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It's been my privilege to have attended a couple of 'live' lectures by Sir
Christopher: they were hugely entertaining as well as well as effortlessly
erudite - and totally unscripted, it seems. Some of his (many) asides and
tangential throwaway comments, which I'm sure would / could  never be
published are very funny indeed. Not at all bad for someone just turned 81!

On 27 September 2014 12:25, Rickard A. Parker <[log in to unmask]> wrote:

> Regarding Christopher Ricks Lecture "T.S. Eliot and the Great War":
>
> > No broadcast?
> > Peter
>
> It was video recorded but there will be no dissemination of the video at
> Ricks' request. Probably because he used some previously unpublished
> material.
>
> Ricks has more lectures coming up soon.  I found the following info with a
> search.  I haven't yet read the Commentary Magazine article.
>
> ------------------------------------------
>
> The second of two lectures by Christopher Ricks at Boston University
> T.S. Eliot And The Second World War
>
> Starts: 6:00 pm on Thursday, October 2, 2014
> Ends: 7:00 pm on Thursday, October 2, 2014
> Location: Katzenberg Center, 3rd Floor, CGS
>
> ------------------------------------------
>
> http://alscw.org/news/?p=709
>
> Three Talks by Christopher Ricks This Fall in Manhattan
>
> October 1       More than One Waste Land
> October 8       The strength to force the moment to its crisis: Thomas
> Hardy and George Eliot
> October 22      Just Like a Woman? Bob Dylan and the Charge of Misogyny
>
> ------------------------------------------
>
> http://www.bu.edu/editinst/about/eliot/
>
> T. S. Eliot Comes Home to Boston
>
> The Editorial Institute is pleased to announce that Professor Christopher
> Ricks has been invited to prepare a full critical edition of the poems of
> T. S. Eliot. The undertaking will complement publication of Eliot’s very
> extensive critical writings and of his letters.
>
> Although Eliot was perhaps the foremost English language poet of the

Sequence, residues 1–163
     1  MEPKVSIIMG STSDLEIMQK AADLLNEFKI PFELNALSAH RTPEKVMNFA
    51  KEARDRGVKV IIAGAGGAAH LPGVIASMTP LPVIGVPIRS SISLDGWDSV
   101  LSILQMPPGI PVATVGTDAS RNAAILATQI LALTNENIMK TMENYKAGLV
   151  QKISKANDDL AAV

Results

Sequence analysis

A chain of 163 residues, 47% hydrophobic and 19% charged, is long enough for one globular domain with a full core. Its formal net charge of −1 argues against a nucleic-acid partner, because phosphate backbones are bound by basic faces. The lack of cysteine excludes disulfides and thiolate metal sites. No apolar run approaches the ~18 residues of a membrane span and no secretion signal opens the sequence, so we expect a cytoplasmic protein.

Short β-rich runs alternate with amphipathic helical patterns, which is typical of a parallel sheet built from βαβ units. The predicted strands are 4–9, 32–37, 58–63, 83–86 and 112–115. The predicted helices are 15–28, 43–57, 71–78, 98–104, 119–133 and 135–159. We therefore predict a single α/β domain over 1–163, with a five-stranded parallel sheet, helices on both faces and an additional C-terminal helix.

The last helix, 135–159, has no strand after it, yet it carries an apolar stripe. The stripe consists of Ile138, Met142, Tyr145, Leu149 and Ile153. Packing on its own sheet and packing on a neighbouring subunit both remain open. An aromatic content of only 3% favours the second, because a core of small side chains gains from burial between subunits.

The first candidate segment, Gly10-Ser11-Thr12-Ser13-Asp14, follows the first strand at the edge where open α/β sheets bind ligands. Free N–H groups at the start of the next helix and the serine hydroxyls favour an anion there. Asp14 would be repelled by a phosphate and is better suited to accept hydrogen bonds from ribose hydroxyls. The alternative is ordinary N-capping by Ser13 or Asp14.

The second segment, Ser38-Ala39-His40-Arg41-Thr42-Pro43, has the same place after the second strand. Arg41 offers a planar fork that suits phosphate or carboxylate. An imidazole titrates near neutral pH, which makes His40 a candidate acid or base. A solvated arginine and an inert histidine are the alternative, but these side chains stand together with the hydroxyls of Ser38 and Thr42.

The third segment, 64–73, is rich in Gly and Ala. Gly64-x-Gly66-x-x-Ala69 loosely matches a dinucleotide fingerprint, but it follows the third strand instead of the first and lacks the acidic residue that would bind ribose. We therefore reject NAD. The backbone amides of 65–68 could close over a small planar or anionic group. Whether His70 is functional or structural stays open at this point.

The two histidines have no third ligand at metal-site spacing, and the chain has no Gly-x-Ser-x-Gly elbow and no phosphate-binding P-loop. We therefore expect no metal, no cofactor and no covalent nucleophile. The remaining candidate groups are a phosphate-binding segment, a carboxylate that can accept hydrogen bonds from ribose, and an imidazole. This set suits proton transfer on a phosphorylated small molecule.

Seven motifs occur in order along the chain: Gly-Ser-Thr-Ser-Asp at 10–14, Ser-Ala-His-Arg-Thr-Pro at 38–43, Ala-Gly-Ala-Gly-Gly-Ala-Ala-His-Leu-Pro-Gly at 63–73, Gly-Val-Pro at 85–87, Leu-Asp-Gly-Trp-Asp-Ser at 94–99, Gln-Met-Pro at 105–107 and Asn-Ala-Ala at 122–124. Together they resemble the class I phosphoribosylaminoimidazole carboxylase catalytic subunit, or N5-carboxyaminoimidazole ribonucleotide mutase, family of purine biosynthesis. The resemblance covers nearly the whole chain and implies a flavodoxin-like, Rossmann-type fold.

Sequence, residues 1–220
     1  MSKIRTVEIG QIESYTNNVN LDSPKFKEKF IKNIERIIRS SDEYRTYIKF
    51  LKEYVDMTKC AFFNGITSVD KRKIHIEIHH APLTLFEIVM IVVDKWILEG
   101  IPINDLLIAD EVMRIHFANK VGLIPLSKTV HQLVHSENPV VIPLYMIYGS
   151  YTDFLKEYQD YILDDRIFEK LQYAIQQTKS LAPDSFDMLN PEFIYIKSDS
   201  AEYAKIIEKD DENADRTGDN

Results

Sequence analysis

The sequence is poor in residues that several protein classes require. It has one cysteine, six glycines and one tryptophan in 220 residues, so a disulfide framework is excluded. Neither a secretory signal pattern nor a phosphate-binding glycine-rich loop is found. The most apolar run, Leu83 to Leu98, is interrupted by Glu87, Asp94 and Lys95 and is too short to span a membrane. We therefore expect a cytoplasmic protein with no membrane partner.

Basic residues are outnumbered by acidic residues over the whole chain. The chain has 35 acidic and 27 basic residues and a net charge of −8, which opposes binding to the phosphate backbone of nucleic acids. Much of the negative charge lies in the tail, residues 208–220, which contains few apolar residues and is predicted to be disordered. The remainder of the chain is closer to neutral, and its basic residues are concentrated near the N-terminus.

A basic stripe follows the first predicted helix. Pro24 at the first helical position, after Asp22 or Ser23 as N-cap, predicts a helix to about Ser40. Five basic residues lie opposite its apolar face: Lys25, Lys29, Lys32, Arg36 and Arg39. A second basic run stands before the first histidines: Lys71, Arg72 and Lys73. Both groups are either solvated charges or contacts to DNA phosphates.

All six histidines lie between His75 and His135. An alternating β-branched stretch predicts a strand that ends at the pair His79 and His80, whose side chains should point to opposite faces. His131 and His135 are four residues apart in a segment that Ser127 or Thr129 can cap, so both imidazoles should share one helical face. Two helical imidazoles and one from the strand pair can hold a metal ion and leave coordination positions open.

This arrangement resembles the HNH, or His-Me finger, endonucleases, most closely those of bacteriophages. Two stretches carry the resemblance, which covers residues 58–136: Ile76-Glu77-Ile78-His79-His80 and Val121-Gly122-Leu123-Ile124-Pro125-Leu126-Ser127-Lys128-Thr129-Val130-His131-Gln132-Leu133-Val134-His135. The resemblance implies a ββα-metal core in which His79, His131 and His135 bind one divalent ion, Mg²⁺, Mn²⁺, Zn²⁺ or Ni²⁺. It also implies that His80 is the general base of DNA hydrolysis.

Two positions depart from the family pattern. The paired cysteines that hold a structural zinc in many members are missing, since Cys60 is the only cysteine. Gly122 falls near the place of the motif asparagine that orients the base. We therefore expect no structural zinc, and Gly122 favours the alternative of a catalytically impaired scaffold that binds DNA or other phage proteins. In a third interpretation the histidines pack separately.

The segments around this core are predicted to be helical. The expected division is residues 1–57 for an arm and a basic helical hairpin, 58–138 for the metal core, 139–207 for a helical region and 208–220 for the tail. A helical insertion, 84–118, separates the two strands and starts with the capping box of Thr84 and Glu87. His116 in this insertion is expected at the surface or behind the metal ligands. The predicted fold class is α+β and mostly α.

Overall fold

> twentieth century and died more than forty years ago, his writings have
> never been collected before, and many manuscripts have been in restricted
> archives. The Complete Poems, to be published by Faber & Faber in Britain,
> will contain not only Eliot’s masterpieces such as The Waste Land and Four
> Quartets but also his Practical Cats, his translation of St. John Perse’s
> Anabase, and a number of unpublished or neglected verses.
>
> ------------------------------------------
>
>
> http://www.commentarymagazine.com/article/t-s-eliot-and-prejudice-by-christopher-ricks/
>
> T. S. Eliot and Prejudice, by Christopher Ricks'
> 03.01.90 - 12:00 AM | by Hilton Kramer
>
> This is a very curious book. Its obvious mission is to relieve T.S.
> Eliot’s reputation of the charge of anti-Semitism, yet the intellectual
> strategy it adopts as a means of accomplishing this unachievable—and, in
> fact, unachieved—mission is one that so distends the concept of “prejudice”
> as to render it supererogatory. Christopher Ricks is too honest and
> intelligent a critic to engage in any wholesale denial of anti-Semitism in
> Eliot, yet his elaborate attempts to explain it tend, for the most part, to
> be attempts to explain it away, to drain it of its patent virulence and
> redefine it as an understandable, if not quite forgivable, example of the
> kind of prejudice we are all said to be guilty of to one degree or another.
> ...
>